Pension: Lifetime Allowance to increase – Britons set for higher tax-free barrier

Pension saving is key to many people, as are the freedoms associated with reaching the age of 55, and as a result, being able to withdraw money without meeting charges is important. However, savers will have to worry less about this, as the Lifetime Allowance is now set to increase, with changes kicking in from the start of the next tax year. The Lifetime Allowance is the overall limit on the amount of pension benefit which can be withdrawn from pension schemes without incurring an extra tax charge.

At present, the Lifetime Allowance currently stands at £1,073,100, however the figure is set to rise after today’s announcement.

In the new tax year, the Lifetime Allowance will therefore stand at £1,078,900 – a total increase of £5,800.

The Lifetime Allowance was first introduced in 2006, but has undergone some level of change since, being reduced gradually since 2011.

The change relates to the September Consumer Prices Index figures published today, and will influence many pension savers.

READ MORE: Warning as Britons hoarding more cash at home – risks and impacts

Tom Selby, senior analyst at AJ Bell, commented on the news.

He said: “The pensions lifetime allowance will rise a bit next year, although with inflation subdued in September, the increase will be just 0.5 percent.

“This will result in an increase in the amount someone can save in a pension tax-free over their lifetime from £1,073,100 to £1,078,900, allowing most people to generate an additional £1,450 in tax-free cash.

“While a lifetime allowance of over £1million might sound like a king’s ransom, for a healthy 65-year-old it would buy a single-life annuity paying less than £28,000, assuming full tax-free cash entitlement is taken.”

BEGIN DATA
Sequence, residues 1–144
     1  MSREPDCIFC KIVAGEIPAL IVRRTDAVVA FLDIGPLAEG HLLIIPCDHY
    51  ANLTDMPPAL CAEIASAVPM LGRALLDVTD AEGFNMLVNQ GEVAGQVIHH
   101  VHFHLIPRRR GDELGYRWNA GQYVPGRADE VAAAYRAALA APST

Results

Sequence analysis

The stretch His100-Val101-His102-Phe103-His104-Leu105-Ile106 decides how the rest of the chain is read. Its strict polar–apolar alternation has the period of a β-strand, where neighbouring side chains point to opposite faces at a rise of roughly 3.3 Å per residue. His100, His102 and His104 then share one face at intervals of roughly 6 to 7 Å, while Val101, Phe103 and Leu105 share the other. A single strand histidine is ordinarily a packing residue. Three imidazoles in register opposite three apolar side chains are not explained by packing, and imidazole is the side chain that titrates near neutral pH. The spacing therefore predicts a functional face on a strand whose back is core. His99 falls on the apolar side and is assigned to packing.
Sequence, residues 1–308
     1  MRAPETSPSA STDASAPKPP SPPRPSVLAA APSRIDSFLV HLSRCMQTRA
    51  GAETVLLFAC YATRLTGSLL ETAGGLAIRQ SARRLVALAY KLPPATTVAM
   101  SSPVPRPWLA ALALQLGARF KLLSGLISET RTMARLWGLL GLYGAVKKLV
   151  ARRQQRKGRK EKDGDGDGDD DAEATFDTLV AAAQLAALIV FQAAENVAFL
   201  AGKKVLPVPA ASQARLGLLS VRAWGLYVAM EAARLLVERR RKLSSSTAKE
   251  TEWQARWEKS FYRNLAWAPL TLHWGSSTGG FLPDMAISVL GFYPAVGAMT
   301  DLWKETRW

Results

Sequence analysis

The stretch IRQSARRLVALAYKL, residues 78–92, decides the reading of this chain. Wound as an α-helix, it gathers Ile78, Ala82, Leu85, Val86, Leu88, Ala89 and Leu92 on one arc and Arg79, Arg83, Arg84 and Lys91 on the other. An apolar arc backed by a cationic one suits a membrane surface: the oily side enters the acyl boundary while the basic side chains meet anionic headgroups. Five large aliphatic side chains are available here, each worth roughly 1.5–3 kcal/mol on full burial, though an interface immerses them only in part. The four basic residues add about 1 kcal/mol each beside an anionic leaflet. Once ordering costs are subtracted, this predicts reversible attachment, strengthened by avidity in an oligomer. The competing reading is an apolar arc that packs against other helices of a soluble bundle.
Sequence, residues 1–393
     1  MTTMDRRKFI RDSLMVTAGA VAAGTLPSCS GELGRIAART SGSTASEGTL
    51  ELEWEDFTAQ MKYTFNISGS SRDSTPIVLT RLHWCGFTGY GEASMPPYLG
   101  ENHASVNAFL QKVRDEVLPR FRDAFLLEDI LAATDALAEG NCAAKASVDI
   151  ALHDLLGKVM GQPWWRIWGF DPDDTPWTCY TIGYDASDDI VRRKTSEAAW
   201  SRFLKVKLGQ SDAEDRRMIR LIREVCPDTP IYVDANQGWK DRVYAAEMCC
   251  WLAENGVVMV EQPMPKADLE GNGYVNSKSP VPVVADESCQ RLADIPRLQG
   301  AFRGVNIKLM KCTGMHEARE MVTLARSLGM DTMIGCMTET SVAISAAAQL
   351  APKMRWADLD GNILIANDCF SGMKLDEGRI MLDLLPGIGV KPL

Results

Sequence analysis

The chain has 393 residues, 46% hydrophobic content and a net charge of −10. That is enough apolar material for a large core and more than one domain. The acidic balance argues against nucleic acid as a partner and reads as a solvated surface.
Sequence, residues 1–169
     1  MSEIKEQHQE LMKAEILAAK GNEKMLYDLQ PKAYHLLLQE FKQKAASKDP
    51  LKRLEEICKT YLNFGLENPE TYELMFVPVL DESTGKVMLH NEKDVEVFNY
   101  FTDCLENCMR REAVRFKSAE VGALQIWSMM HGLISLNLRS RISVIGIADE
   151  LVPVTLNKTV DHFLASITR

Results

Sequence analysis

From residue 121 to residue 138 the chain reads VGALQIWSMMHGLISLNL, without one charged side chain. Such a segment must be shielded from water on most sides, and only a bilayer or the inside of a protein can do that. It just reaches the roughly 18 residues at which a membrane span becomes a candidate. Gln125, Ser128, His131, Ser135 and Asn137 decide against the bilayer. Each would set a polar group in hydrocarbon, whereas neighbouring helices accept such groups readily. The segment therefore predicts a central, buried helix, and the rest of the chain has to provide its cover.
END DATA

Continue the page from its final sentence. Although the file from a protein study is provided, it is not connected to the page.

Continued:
Mr Selby, however, expressed concern the Lifetime Allowance had undergone repeated cuts since the 2011/2012 tax year.

He stated that this often punished people who enjoy strong investment growth, as well as causing issues for public sector workers who had served for long periods of time.

He called upon the government to address the pension tax system complexity which has frequently arisen in recent years.

The announcement of todays CPI inflation figure has also had an impact on the state pension, provided by the government to hard-working Britons who have put forward years of National Insurance contributions.

In line with the Triple Lock Mechanism, first introduced by the then-coalition government, the state pension will rise by 2.5 percent next year.

This is a staggering five times the rate of inflation – meaning pensioners are set to be protected in the future.

Rules outlined under the Triple Lock Mechanism state the sum must increase each year by the highest of one of three components: average earnings growth, price inflation or 2.5 percent.

The Lifetime Allowance applies to the total of all pensions a person has put aside, however, excludes the state pension sum they are entitled to.

However, Britons are urged to pay attention to the potential charges which could be incurred by failing to bear the allowance in mind.

The Money Advice Service states any amount over the allowance taken as a lump sum is taxed at 55 percent.

And any amount taken as a regular retirement income over the allowance attracts a charge of 25 percent.

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